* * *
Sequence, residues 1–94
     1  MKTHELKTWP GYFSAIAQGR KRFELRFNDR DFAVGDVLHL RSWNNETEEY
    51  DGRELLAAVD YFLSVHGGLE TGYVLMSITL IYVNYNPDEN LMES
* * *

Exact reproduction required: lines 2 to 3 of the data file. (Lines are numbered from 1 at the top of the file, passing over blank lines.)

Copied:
     1  MKTHELKTWP GYFSAIAQGR KRFELRFNDR DFAVGDVLHL RSWNNETEEY
    51  DGRELLAAVD YFLSVHGGLE TGYVLMSITL IYVNYNPDEN LMES